Ferrari team principal Mattia Binotto doesn’t believe his promotion from technical chief this season is linked to the team’s reliability issues.
The Scuderia have struggled to fight for wins for large parts of the season so far, though Charles Leclerc had a golden opportunity to score his first win at the Bahrain Grand Prix before being struck down with an engine failure.
Both Leclerc and team-mate Sebastian Vettel have also been left out of place on the grid on several occasions after encountering issues, most recently in Germany where Vettel was unable to set a competitive Q1 lap while Leclerc failed to partake in Q3.
Despite the problems, Binotto insists his promotion from technical chief to team principal ahead of the season has not caused the technical side of Ferrari to be weakened.
“I don’t think that’s the cause – even if I do not have an answer at the moment, to be honest. It’s true that many problems occurred which should not,” Binotto told Motorsport.com.
“Sometimes it’s only a matter of priority, a priority on developments on reliability, depends on where you are in position [in the Championship]. But as well, you don’t fix reliability by only fixing the problems you got, you fix reliability by having the right approach to the reliability, and that’s something which at the moment we are brainstorming.”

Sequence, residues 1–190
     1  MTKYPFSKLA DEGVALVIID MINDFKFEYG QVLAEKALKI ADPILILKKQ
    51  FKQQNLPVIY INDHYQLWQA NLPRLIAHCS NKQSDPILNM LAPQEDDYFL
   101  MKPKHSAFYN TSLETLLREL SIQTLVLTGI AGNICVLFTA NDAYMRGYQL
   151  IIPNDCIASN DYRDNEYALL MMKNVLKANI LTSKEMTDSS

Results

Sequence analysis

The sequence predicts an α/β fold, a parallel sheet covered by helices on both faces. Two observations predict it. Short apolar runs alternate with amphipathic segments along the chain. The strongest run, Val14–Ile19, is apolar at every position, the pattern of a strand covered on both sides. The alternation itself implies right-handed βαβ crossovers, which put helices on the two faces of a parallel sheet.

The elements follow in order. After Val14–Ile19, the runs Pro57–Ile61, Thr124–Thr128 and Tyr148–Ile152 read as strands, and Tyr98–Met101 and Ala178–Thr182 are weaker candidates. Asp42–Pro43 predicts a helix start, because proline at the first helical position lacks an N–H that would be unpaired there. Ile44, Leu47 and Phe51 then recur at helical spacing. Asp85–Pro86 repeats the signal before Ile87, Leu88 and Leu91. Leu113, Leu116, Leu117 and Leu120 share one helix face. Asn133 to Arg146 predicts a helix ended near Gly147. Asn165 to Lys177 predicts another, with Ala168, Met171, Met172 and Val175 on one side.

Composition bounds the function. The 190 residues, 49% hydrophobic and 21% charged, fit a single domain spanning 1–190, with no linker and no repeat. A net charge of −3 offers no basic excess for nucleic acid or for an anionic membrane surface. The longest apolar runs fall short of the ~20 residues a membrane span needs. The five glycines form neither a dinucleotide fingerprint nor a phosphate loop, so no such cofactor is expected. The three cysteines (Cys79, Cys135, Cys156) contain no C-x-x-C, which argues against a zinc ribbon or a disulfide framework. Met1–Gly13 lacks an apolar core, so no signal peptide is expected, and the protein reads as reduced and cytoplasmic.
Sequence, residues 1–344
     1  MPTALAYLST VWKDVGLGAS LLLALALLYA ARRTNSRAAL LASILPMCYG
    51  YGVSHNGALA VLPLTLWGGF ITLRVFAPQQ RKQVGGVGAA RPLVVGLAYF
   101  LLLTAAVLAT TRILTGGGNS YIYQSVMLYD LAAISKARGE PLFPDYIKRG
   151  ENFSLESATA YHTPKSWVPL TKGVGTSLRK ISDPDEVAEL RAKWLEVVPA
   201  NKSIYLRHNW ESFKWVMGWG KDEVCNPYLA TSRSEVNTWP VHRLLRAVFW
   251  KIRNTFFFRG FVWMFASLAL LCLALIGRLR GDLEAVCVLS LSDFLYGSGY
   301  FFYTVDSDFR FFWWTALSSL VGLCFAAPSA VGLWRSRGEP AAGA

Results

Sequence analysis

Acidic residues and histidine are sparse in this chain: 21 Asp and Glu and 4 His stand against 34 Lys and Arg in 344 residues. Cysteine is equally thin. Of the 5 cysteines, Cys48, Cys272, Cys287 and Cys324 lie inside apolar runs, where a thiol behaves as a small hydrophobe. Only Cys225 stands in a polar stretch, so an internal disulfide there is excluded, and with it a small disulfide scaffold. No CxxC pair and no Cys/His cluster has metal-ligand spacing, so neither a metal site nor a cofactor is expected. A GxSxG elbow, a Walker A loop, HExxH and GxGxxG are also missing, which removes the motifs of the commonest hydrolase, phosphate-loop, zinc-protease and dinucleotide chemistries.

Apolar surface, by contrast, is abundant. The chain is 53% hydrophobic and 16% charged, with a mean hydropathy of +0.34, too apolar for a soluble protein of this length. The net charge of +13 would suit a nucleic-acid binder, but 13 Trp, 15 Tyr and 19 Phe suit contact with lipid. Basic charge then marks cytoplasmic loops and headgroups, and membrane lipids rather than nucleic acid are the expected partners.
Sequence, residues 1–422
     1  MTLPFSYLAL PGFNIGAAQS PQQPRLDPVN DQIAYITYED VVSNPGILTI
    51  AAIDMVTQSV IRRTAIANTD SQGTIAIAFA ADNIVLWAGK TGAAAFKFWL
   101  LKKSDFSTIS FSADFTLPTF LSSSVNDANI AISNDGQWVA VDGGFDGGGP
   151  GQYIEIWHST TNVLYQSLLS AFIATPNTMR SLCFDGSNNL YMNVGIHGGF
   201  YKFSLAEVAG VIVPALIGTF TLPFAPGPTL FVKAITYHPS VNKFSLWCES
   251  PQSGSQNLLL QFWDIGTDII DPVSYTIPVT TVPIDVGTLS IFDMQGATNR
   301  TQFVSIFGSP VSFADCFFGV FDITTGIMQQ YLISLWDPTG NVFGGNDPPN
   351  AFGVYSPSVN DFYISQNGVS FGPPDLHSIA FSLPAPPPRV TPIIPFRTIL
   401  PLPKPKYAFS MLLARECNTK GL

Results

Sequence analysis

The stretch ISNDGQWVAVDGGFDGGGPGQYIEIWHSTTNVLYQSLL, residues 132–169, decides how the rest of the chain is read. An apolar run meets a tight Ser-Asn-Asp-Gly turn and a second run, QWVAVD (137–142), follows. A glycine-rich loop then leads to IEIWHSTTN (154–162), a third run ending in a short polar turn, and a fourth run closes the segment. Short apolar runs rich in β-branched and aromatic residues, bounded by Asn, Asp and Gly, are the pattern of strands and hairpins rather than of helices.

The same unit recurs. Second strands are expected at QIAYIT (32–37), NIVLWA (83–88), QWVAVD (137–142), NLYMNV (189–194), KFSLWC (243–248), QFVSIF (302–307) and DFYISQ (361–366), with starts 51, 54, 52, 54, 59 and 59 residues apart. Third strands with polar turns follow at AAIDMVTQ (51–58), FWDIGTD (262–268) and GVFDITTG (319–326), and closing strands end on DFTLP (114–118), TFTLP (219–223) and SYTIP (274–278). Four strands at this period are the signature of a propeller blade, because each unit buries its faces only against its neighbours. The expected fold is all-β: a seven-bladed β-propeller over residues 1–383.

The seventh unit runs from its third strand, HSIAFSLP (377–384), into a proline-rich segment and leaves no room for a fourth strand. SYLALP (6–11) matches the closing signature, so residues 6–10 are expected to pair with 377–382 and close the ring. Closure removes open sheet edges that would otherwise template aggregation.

Ferrari recently moved to restructure their behind the scenes work, with Simone Resta, who returned after a spell with Alfa Romeo to become the new head of chassis engineering, forming part of a group of new specialist roles, with the chassis, power unit and supply chain among areas all to get designated staff.
A new floor introduced at the French Grand Prix failed to bring the desired rewards for Ferrari, but Binotto believes it helped with future development of the SF90.
“We brought a floor that didn’t work as expected, I think that since then we understand the reason, and somehow helped us now in being more accurate when delivering parts to the racetrack, and that’s part of, let me say, the entire know-how of the team,” Binotto explained.
“Often I’ve said that we are still young as a team, because here people [have had] little time in the new role, and the know-how is something you build through the season, through the time, through the years.
“So that’s why I’m very happy when problems may happen and we are addressing them – obviously in the meantime you are missing opportunities of performance, but I think the car is progressing, which is showing that the team is capable of delivering.
“I think that’s why we need to stay calm, be focused and passionate, because it’s only by staying passionate and looking at the future that eventually, in the mid-to-long-term, if you’ve done the right investments, you will be competitive.”